Vale – Lindsay Walker, Phantom cover artist

b871ed_594903f4a6324e8789769408225e9505-mv2Lindsay C. Walker, an Australian artist who, in recent years worked on several Phantom comic-book projects, took her own life on 27 September, 2016. This sad news came just as her first-ever cover for the Australian edition of The Phantom comic book went on sale last month.

Walker, a transgender woman, first came to the attention of Phantom “phans” when she produced two covers for Moonstone Graphics‘ relaunched version of The Phantom: Ghost Who Walks comic book in 2009-2010. These early works are attributed to the name Mick Collins. She was subsequently commissioned by online retailer The Phantom’s Vault to illustrate the Australian variant cover for Hermes Press’ newest edition of The Phantom (Issue #3B).

frew_1764

Walker, who named herself after The Phantom’s alter ego, “Kit Walker”, was a popular artist among Australian “phans”, and produced several private and commissioned pieces depicting The Phantom.

Lindsay spoke frequently about her work, and her experience transitioning. You can download her interview with Joe Douglas from the first-ever ChroncicleChamber/X-Band podcast in 2013, along with her appearance on the Geek Girl podcast from 2014.You can also read a transcript of her interview for Monica Kowalska’s Heroines of My Life blog.

Fans of The Phantom who wish to make donations to Lindsay’s partner, Kim, and their three children, Ariel, Eloise and Evelyn, may do so here.

(This blog post draws on material previously published at ChronicleChamber.com)

Vale – Peter Chapman, Australian Comic-Book Artist (1925-2016)

chapman_fotoPeter Chapman, a veteran Australian comic-book artist, died on June 22, 2016, in his  hometown of Narrabri, New South Wales, where he had lived and taught art since 1971. He was 91 years old.

Chapman’s career spanned the “golden age” of Australian comics, first working as a comic-book writer and artist for Frank Johnson Publications (Sydney) in the mid-1940s. In time, he became one of the most prolific comic-book artists of the post-war era, but he is best known for his enduring association with Frew Publications, which has published the Australian edition of The Phantom since 1948, making it the oldest, longest-running Phantom comic magazine in the world.

In the early 1950s, Chapman took over as writer and illustrator of The Phantom Ranger and The Shadow, both of which were originally created for Frew Publications by expatriate British artist, Jeff Wilkinson, in 1949-1950. Chapman’s work on The Phantom Ranger was reprinted under license in the United Kingdom in the 1950s, while his version of The Shadow – no relation to the famous American pulp-magazine hero of the same name – was translated into Portuguese for the Brazilian market during this period as well.

sir-falcon-9-frewChapman also created, wrote and illustrated Sir Falcon, another popular superhero title for Frew Publications, which was heavily modelled on The Phantom, which still remained the company’s best-selling title. Chapman also drew occasional covers for the regular series of The Phantom comic magazine, along with cover illustrations for Giant Size Phantom Comic in the late 1950s.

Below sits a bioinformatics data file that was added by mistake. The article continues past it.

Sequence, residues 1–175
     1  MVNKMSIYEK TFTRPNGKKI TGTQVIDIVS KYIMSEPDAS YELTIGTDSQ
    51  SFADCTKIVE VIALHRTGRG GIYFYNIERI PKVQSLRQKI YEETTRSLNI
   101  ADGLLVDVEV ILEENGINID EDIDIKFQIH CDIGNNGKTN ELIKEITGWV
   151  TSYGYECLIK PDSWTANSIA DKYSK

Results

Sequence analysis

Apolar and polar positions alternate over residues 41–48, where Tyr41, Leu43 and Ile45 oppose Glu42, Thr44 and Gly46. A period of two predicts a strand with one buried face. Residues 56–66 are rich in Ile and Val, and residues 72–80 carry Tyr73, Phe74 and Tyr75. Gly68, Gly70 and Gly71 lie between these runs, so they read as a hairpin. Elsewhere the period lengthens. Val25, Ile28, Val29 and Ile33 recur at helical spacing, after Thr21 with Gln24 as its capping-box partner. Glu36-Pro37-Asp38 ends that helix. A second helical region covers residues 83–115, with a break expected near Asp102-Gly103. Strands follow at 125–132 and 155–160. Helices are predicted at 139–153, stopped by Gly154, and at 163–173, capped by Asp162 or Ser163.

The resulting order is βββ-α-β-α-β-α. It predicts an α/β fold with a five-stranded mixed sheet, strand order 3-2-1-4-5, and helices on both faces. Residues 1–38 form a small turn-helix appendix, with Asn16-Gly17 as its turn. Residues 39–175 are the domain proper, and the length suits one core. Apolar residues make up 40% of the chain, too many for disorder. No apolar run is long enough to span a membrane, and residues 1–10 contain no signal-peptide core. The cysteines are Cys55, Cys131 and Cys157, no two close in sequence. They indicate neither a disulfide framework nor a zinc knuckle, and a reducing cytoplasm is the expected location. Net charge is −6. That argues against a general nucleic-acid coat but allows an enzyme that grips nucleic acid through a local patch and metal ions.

Chapman remained as writer-artist on Sir Falcon, The Phantom Ranger, and The Shadow, until the early 1960s, when Frew Publications began scaling back its range of Australian-drawn comics to focus on their best-selling title, The Phantom, and other licensed reprints of American comics. The Phantom Ranger and The Shadow remained in publication until the early 1970s, albeit comprised of reprints of earlier editions, many of which were originally drawn by Chapman.

Following the collapse of Australia’s comic-book industry in the early 1960s, Chapman turned to commercial illustration, initially working as  greeting card illustrator for John Sands, and producing book illustrations for selected Australian publishers. After relocating to Narrabri, New South Wales, in 1971, Chapman took up art instruction at regional TAFE (Technical and Further Education) colleges, and toured regional New South Wales as a self-employed art teacher.

Peter Chapman received a Ledger of Honour, in recognition of his lifetime contribution to Australian comics, at the Ledger Awards held in Melbourne, Australia, on April 15, 2016. You can read my 2007 interview with Peter Chapman at ChronicleChamber.com. Chapman was interviewed on film by curator Dr Peter Doyle (Macquarie University) for the Pulp Confidential exhibition held at the State Library of New South Wales in 2015 (Peter Chapman photo courtesy of Lambiek. Sir Falcon cover image courtesy of AusReprints).

See me @ Supanova – Melbourne, 17 April 2016

supanova-logoI’ll be appearing at Supanova Pop Culture Expo being held in Melbourne (Australia) on Sunday, 17 April, 2016, as part of the Popular Arts Researchers Australia (PARA) panel on popular culture and Australian fandom.

I’ll be talking about The Phantom (of course), and look at the reasons why “The Ghost Who Walks” continues to be popular with Australian “phans”, 80 years after his debut in The Australian Woman’s Mirror magazine, back in September 1936.

I’ll be joined on-stage by Angela Ndalianis (University of Melbourne), and Jason Bainbridge (Swinburne University), who’ll be sharing insights from their research into superhero fandom and the role of super-villains in the superhero genre.